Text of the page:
UPDATE: I woke up, looked at the clock, then looked out the window at the moon — no eclipse. “They must have gotten it wrong,” I thought. I looked at the clock again, saw I had misread it, and realized with a little shock of joy, they never get this wrong. Other phenomena of nature — snowstorms, earthquakes, tornadoes, visits by relatives, hurricanes — are unpredictable and easy to get wrong. Eclipses are more like sunrise and sunset: ancient physics and beacons of certainty in this uncertain world. The eclipse went as predicted.
Tonight: 11:41 p.m. Pacific time, 2:41 a.m. eastern time, toward daybreak in Europe, the earth will begin to completely eclipse the moon. I know this only because I got a press release from Sky & Telescope, a magazine for highly serious amateur astronomers. The editors at Sky & Tel are also highly serious — they wear t-shirts with comets and have asteroids named after them — and this press release is full of passion and poetry.
They point out that on the side of the earth facing the moon, the eclipse happens for everyone at once: “We’re all looking at this together,” they say. They explain that the ancient Greeks noticed that the earth’s shadow on the moon was curved, and took this to mean that the earth itself was round. (Those ancient Greeks were impressive; I would never have figured out the shadow was the earth’s, let alone that the earth must be round.)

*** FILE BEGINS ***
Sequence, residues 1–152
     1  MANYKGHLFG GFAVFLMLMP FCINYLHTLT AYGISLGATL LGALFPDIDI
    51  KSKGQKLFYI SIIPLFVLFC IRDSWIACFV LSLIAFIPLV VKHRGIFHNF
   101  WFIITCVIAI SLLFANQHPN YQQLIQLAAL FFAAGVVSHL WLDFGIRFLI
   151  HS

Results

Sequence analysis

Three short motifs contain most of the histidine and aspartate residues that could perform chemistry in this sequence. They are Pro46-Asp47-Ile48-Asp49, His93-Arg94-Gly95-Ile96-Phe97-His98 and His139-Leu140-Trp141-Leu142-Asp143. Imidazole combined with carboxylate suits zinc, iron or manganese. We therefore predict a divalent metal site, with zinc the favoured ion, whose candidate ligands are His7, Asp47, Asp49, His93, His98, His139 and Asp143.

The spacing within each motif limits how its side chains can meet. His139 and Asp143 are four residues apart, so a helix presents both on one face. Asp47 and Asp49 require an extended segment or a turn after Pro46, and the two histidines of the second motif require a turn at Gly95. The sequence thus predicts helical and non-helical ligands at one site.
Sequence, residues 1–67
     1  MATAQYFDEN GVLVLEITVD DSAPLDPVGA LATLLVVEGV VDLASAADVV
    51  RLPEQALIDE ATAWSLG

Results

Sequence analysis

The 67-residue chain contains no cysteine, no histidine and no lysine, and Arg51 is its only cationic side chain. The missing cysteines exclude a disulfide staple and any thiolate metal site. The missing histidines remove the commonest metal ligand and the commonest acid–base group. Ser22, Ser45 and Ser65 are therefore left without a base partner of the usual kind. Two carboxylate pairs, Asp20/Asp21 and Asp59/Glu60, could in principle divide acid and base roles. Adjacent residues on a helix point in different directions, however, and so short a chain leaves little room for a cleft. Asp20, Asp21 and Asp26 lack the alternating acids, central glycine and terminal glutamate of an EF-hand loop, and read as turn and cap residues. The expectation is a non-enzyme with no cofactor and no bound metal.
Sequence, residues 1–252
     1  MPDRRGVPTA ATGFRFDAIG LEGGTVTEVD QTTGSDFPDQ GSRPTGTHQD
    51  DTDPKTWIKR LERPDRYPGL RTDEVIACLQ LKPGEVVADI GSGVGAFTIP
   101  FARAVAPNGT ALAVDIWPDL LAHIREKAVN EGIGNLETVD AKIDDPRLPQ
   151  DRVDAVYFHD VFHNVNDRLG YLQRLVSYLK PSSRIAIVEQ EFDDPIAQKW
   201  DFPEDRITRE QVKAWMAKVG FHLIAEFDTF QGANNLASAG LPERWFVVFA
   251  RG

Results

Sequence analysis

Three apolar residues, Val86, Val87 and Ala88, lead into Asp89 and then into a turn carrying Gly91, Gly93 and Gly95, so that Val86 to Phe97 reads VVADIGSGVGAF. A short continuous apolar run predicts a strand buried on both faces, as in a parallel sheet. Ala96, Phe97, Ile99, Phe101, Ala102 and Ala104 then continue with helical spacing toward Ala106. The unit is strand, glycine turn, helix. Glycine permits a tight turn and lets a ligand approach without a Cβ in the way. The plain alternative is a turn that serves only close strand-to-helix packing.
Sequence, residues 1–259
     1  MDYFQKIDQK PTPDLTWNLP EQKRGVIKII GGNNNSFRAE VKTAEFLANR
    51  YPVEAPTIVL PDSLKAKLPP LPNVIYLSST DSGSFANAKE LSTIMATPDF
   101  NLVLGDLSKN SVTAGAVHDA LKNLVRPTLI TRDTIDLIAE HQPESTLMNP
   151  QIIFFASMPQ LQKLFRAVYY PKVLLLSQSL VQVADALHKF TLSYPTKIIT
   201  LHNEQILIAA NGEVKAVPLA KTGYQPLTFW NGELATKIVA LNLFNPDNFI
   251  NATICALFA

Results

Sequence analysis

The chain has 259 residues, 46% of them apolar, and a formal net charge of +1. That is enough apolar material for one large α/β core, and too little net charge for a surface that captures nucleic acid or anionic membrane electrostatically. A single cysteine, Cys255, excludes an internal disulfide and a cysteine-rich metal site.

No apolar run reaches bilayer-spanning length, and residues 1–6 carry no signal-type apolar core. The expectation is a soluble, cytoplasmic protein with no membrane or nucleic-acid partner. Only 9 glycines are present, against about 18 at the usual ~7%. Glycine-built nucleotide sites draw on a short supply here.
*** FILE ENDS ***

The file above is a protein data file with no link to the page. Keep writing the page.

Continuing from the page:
The editors advise that as the eclipse progresses, you notice that “a second, deeper night is falling,” they say, “a night within night,” and if the sky is dark enough, suddenly hundreds of new stars appear. And when the eclipse is total, the moon darkens and reddens, its light reflecting “all the sunrises and sunsets around the Earth at the time,” they say, and it glows “like a luminous rotten orange.” The Book of Revelations says it turns to blood.
The editors return to pragmatism and offer a complete timetable of the eclipse for everybody in the U.S. I return to my normal practices — I don’t think I’ve ever quoted a press release before. And you? Go look at that eclipse. Otherwise, what good is poetry?
top moon: chb1848
moon + night sky: Michael Pereckas